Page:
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Feminising politics, politicising feminism? Women in post-conflict Northern Irish politics

  • Jennifer ThomsonEmail author
Original Article

Abstract

2018 marks the twentieth anniversary of the Good Friday/Belfast Agreement and the establishment of devolved governance in Northern Ireland. Yet, whilst devolution has largely been held to have positive effects in Scotland and Wales with regards to both women’s descriptive and substantive representation, this impact has been less discernible in Northern Ireland. Of the four regions of the United Kingdom, politics in Northern Ireland is arguably the most unfeminised—women have routinely seen lower descriptive representation in the Northern Irish Assembly and policy-making in areas such as reproductive rights lies far behind the rest of the UK. The article explores why politics is so unfeminised in the post-conflict context in Northern Ireland, by looking at efforts to feminise formal politics (especially the various peace/inter-party agreements and attempts to include women in formal politics) and efforts to politicise feminist activism (the work of the women’s sector to influence policy-making in the province). It then explores some of the academic explanations as to why the feminisation of politics remains so difficult in Northern Ireland.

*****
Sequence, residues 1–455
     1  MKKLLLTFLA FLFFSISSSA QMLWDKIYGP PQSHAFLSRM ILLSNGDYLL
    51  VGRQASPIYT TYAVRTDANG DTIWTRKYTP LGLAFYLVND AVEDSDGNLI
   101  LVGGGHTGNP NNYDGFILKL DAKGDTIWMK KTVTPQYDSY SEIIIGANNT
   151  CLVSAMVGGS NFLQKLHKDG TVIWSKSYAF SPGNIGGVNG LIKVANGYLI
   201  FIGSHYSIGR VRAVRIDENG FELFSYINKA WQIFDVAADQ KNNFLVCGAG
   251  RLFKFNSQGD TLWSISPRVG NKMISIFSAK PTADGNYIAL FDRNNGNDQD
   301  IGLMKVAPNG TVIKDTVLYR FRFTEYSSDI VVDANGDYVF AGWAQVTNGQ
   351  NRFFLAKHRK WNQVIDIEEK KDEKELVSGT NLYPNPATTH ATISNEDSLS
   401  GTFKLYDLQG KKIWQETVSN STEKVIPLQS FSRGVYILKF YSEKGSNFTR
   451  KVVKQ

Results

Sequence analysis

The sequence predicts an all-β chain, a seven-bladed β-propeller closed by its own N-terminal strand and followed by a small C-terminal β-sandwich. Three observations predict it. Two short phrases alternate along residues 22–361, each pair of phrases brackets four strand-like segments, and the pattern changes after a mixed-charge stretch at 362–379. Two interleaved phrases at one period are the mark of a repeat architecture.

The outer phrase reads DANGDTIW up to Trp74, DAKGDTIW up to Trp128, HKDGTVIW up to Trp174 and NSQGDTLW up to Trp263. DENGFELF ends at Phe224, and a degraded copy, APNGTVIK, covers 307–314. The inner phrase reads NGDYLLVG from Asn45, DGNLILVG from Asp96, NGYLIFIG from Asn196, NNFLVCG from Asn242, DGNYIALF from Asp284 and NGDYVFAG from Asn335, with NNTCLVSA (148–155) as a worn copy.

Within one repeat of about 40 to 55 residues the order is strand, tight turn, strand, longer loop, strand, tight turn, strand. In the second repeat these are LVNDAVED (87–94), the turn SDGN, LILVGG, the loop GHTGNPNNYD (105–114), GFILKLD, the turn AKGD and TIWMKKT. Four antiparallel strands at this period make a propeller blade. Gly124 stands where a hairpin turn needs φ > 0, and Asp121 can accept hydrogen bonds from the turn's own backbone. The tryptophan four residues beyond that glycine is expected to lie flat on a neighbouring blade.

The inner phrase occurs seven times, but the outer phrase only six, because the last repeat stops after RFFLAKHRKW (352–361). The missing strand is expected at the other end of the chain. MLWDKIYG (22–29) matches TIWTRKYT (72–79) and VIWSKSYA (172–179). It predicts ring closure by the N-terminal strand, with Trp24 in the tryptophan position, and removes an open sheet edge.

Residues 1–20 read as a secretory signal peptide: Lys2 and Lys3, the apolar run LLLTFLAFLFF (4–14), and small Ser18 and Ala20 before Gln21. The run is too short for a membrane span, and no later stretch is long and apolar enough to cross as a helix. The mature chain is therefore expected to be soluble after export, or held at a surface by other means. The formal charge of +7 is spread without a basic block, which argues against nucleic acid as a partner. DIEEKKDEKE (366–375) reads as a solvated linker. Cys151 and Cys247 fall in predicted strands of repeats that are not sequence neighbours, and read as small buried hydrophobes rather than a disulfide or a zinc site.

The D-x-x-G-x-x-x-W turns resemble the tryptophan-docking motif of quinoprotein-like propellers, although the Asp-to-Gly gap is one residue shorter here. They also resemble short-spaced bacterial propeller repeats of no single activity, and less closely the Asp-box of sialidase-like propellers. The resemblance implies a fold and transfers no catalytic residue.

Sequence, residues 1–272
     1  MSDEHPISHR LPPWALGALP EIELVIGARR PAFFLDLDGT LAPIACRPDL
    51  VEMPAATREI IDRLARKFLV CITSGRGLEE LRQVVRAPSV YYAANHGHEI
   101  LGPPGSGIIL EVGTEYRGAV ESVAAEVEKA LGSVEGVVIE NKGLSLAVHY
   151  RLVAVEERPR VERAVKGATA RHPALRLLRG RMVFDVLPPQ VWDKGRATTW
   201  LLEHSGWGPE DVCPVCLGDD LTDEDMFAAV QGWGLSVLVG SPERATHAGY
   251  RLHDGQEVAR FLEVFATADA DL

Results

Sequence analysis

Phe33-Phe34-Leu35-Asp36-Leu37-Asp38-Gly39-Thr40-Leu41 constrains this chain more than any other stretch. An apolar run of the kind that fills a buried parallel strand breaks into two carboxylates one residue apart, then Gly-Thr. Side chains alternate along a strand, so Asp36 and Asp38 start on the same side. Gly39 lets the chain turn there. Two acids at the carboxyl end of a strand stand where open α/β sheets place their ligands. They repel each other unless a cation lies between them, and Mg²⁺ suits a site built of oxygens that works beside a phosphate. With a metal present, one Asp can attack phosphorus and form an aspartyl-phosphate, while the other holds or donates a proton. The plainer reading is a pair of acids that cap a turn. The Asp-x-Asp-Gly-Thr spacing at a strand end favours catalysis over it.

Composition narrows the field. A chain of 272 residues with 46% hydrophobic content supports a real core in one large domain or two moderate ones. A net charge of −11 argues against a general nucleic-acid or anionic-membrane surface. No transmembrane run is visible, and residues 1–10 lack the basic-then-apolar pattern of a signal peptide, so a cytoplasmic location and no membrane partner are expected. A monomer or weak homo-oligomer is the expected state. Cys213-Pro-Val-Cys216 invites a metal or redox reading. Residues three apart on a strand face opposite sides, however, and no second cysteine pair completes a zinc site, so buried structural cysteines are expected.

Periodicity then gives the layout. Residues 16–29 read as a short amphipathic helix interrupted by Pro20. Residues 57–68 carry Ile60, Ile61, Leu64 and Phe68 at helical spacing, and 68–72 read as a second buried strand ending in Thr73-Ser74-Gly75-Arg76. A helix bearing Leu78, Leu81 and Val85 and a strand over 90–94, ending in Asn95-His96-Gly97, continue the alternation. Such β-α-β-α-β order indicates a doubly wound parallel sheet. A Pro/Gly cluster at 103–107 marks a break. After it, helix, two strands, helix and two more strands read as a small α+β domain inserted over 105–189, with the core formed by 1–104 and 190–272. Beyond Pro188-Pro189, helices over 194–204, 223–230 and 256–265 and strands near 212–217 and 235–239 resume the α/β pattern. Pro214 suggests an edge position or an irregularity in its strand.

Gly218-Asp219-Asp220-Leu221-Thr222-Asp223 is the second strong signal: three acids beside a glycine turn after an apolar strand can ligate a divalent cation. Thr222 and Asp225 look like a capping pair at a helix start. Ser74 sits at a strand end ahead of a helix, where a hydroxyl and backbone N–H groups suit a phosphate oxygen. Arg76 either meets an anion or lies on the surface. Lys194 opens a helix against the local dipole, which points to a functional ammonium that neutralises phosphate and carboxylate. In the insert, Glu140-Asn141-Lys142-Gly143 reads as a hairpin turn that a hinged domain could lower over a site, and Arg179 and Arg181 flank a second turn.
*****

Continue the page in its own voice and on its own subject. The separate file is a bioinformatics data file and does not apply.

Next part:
Keywords

Women Gender Northern Ireland Post-conflict Peace agreements 

Notes

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Copyright information

© Springer Nature Limited 2019

Authors and Affiliations

  1. 1.Department of Politics, Language and International StudiesUniversity of BathBathUK

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